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PCPs are front line defense in diagnosing serious illness in patients with acute lower back pain

Submitted by on 23 December, 2018 – 4:32 pm
A study by researchers at the George Institute for International Health in Australia found that it is rare that patients who come to the PCP with acute low back pain without previous diagnosis of serious diseases. The most common cause serious illness vertebral fracture was documented, with half of the cases identified at the time of initial consultation. The full results are published in the October issue of Arthritis & Rheumatism, a journal published by Wiley-Blackwell on behalf of the American College of Rheumatology.

The World Health Organization (WHO) estimates that the worldwide prevalence of back pain can be as high as 42%. Pain that occurs in the lower back interrupts the daily routine, such as work, school or activities, and is a leading cause of visits to primary care physicians (PCP). According to the National Institute of Neurological Disorders and Stroke (NINDS), part of the National Institutes of Health (NIH), back pain is the second most common neurological disease in the United States NINDS estimates that Americans spend at least $ 50 billion each year due to back pain, a leading contributor to missed work and job related disability.

In this study a total of 170 general practitioners (Australian equivalent to the PCP), were recruited physiotherapists and chiropractors in the Sydney area. Between 2003 and 2005, with 3184 controlled trials of 1172 patients presenting with acute low back pain. These patients were evaluated for the presence of red flags of serious disease. The term “red flag means danger and is used as a warning sign. In health facilities “red flag”, the clinical features, such as unexplained weight loss, are used by PCP for the detection of low back pain patients who are more likely to have a serious illness, and therefore require work broader diagnostic-up.

Patients over 14 years, presenting for the first consultation of the current episode of acute low back pain were included in this study. The researchers monitored the patients for 12 months after the initial consultation to determine if the fracture, infection, arthritis or cancer was the cause of your pain. The results showed that the PCP identified 5 of the 11 cases of previously undiagnosed serious illness in the initial consultation.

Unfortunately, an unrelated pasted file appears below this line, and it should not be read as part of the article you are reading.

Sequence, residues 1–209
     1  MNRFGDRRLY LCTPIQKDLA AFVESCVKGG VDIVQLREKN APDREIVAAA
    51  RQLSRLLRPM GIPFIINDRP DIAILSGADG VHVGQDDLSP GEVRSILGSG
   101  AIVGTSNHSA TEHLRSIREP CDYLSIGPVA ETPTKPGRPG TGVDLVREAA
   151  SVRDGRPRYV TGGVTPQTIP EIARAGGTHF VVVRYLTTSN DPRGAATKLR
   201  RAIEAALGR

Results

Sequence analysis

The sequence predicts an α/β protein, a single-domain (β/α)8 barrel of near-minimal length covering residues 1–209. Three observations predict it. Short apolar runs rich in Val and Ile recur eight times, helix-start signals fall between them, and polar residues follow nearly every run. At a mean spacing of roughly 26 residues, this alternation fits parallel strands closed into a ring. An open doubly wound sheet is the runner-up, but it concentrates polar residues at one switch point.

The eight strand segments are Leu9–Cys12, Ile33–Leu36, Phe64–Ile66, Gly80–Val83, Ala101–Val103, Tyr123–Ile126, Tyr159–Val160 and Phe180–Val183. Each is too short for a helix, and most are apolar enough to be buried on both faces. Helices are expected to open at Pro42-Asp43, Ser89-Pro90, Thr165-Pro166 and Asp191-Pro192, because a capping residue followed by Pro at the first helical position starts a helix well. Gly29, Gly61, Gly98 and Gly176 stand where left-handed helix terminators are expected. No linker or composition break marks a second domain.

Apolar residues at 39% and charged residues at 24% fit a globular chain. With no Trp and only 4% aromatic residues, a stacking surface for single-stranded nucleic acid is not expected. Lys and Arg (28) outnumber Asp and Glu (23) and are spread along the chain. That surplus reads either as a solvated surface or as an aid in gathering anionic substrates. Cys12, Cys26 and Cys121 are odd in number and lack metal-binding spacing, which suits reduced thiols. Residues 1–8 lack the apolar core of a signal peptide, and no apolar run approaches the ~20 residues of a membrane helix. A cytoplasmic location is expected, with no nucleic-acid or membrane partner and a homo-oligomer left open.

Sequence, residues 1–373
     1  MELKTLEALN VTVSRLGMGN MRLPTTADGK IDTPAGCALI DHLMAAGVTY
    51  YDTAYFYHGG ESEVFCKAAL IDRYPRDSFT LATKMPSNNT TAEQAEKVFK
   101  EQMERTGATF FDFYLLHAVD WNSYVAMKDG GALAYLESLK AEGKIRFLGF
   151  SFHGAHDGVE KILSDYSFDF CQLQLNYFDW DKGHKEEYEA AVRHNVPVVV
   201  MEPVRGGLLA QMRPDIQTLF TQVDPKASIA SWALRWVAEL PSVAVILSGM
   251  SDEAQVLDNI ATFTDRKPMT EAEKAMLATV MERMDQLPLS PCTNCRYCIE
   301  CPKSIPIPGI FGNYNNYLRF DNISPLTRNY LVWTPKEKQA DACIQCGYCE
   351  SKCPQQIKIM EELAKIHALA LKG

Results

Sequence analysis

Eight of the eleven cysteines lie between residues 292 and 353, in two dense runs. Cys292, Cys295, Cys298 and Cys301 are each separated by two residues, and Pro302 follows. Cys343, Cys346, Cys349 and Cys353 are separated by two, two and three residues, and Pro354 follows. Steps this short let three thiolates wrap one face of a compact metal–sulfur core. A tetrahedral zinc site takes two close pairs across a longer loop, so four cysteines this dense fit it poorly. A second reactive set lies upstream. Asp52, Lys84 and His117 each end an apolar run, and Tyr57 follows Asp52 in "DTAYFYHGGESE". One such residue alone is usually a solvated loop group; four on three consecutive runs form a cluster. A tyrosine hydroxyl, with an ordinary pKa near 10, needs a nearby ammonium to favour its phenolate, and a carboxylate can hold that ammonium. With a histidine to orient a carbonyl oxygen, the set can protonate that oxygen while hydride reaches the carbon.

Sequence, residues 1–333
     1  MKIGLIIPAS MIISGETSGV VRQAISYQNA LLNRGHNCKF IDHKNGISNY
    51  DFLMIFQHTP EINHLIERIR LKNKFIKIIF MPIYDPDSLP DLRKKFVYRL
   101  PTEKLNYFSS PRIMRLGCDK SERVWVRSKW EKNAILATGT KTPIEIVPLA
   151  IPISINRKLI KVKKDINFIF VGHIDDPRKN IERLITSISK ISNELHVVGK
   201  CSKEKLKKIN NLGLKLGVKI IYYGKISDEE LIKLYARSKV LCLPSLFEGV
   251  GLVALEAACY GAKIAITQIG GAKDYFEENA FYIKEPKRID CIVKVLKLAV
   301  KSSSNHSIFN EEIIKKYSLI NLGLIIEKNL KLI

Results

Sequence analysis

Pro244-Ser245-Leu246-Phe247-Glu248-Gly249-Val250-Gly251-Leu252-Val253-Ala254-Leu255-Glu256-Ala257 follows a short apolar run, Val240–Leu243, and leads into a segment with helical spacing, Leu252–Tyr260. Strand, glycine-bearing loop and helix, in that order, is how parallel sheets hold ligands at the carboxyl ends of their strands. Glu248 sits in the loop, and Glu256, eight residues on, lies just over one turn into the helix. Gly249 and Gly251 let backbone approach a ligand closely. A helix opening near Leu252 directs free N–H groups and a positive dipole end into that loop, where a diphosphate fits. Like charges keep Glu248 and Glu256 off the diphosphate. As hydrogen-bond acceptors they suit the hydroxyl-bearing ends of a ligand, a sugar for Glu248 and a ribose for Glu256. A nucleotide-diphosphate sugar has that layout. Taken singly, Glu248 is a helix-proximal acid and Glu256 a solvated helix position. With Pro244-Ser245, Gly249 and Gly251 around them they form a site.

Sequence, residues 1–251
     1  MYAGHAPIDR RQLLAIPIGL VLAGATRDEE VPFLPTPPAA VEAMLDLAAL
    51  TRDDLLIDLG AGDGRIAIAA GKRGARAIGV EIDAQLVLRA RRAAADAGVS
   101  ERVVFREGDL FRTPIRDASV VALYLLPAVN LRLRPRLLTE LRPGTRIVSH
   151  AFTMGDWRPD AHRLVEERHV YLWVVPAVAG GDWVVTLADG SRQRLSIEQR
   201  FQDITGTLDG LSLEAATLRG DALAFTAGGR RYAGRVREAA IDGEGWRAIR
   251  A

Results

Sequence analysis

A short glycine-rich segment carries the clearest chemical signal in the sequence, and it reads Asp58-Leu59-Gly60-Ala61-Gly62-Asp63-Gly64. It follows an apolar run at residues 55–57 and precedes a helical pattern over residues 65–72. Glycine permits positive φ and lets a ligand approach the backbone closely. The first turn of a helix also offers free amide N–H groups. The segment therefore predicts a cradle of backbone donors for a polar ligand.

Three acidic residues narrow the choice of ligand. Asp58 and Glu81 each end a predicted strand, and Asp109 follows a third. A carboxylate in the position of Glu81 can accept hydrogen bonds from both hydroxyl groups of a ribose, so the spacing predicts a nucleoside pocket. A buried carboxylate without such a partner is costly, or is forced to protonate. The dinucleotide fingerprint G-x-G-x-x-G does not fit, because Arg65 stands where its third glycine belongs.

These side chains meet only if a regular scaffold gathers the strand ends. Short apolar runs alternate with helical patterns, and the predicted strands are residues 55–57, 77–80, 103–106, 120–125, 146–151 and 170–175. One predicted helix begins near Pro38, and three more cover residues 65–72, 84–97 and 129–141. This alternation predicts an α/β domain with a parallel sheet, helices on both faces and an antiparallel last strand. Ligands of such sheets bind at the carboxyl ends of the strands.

The researchers, led by Christopher Maher, Ph.D., noted 8 cases of vertebral fractures, the most common serious illness identified and the only disease for which researchers were able to create a standard for diagnosis. The rule contained 4 variables: female, age> 70 years, major trauma (higher in younger patients, lower in older patients), and prolonged use of corticosteroids. When at least 1 of the flag of “red” question is positive, the odds ratio (fracture) was 1.8, with at least 2 positive, the proportion increased to 15.5 and with 3 positive aspects rose to 218.3. “Our rule suggests that when a 3 of the 4” red flags “are positive, the probability of vertebral fracture greatly increases (eg, from 0.5% to 52%), said Professor Maher.

The study also found that there are high rates of false positives with some red flag questions. A red flag approach is given any positive course would lead to unnecessary referrals to specialists and unnecessary investigation of patients. The authors suggest, “A better approach would be to evaluate a combination of red flag questions that identify severe illness and reduce the number of false positives.” Primary care plays a vital role in early detection of serious diseases and the authors recommend further research into the diagnostic accuracy of red flags in the low back pain is necessary.

More information: “Prevalence of and Screening for Serious Spinal Pathology in Patients Presenting to Primary Care Settings With Acute Low Back Pain” Nicholas Henschke, Christopher G. Maher, Kathryn M. Refshauge, Robert D. Herbert, Robert G. Cumming, Jane Bleasel, John York, Anurina Das, and James H. McAuley. Arthritis & Rheumatism; Published Online: September 29, 2009 (DOI 10.1002/art.24853); Print Issue Date: October 2009.

Source: Wiley (web)

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